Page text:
When I got to the tubs, I saw the cars' owners: A big, fat guy and a younger, thinner man. "You don't wanna be here," the fat guy said.
"Oh?" I replied, one eyebrow raised.
"The upper tub is too hot," he said, "and this one is full of bleach."
"Bleach?" I thought he was trying to kill the algae that grows on the inner sides. Not worrying about the color fastness of my bathing suit, I got in anyway.
"Yeah. Faggots have sex in this tub, and I don't like soaking in other people's shit."
I wondered if that was before or after I'd been here? —A shame I'd missed it.
"I hate faggots," the kid chimed in.
I sighed, closed my eyes, and sank into the water. This would be a very short soak, I promised myself.
The two of them seemed to ignore me, then, and to continue a conversation they'd been having before I arrived. It was all about who they hated; and by "who" I mean what groups, as no individuals were mentioned.
"Those fuckin' Jews," the fat guy said, "I hate 'em the most. Thieves, all of 'em."
"The niggers are worse," the kid argued. "We should never have brought 'em over here."
"But faggots…they're just disgusting!" The fat guy spat, over me, into the river. "They're all going to hell, just like the Bible says."
"When I was in jail," the kid confessed, "I was so fuckin' scared a faggot would try something with me, I couldn't sleep at night."
"When I was in jail," the fat guy replied, "one did. He was in the bunk under mine, and after lights out one night, he whispers, 'Can I blow you?' So I'm like, yeah, and I let him. And it felt good, ya know? And after I blew my nut down his throat, I beat the living shit out of him. He never tried that crap with me again."
"Someone should just take that John chapter 3 verse whatever and ram it up every faggot's ass," the kid said.
"I'd wipe my ass with one of their rainbow flags," the fat guy agreed. "If I ever find myself alone with a faggot, I'll mess him up good."
I was almost overcome with the irony that these guys felt the need to bleach someoneelse's shit from the tub.There isn't enough bleach in the world to clean your souls, I thought, sadly. When the two of them decided to try the upper tub, even if it was too hot, I got out of the tub we'd shared, grabbed my towel and left.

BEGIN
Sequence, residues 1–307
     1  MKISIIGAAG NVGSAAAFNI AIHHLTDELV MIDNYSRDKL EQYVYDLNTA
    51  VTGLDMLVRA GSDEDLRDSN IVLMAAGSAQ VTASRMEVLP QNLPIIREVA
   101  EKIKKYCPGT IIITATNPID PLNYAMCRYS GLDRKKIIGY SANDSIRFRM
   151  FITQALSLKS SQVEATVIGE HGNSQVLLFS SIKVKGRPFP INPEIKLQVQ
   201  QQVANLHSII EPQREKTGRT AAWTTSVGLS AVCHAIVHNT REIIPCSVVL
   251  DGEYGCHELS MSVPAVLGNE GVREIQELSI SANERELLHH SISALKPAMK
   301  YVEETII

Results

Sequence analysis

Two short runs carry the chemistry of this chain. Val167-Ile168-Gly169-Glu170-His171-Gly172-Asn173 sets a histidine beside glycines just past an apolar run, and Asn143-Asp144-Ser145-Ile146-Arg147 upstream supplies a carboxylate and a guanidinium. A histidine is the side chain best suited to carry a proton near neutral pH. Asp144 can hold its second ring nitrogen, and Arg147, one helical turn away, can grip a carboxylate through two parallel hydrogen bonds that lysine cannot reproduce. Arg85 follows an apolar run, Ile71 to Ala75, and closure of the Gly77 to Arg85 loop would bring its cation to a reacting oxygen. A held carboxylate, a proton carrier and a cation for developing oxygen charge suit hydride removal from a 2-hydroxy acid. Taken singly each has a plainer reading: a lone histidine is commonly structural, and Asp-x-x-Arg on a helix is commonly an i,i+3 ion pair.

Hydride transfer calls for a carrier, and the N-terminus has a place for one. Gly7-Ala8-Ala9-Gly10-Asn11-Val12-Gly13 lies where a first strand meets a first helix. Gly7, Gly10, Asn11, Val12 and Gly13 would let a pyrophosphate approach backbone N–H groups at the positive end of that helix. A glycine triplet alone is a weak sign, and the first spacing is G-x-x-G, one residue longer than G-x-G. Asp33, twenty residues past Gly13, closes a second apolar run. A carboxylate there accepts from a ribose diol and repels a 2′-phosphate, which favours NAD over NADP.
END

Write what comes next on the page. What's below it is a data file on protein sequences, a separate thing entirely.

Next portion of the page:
I was really impressed with myself. I wasn't infuriated, or frightened. I had endured this polluting of the majesty of Ogden Canyon, the hot springs, the river and the waterfall, with remarkable good grace. On the other hand, I thought, as I made my way up the trail, I had been given the gift of listening to this diatribe for a reason. If it was simply a test of my endurance, I had passed it easily. But, maybe it was more. Maybe I was supposed to help enlighten these troglodytes in some way.
There was nothing I could have said to them that would have had any effect, I knew. And I found myself uncharacteristically thinking that maybe the most appropriate action would be to simply flatten all their tires. But, no, I talked myself out of it. The two had spent at least twenty minutes in one of God's most beautiful places, talking about nothing but their hatreds and (I knew but they wouldn't have admitted), their fears. They were already as miserable as it was possible to be; letting the air out of their tires would just be redundant.
Then, I was attacked by a flash of brilliance. Just before I left in my truck, I left them a little gift. I left it on their front bumper, where they wouldn't see it when walking up from the trail. It was my rainbow flag, plainly and proudly displayed next to the license plate. Oh, sure, one of their white supremacist friends would notice it sooner or later and tell them about it.
I just hoped it would be later.
And I cackled about it for the rest of the day, while I picked up my load, and headed south through Utah with it.
The gift, you see, wasn't for them (though I could always hope it would trigger in them some new insight).
The gift was for me.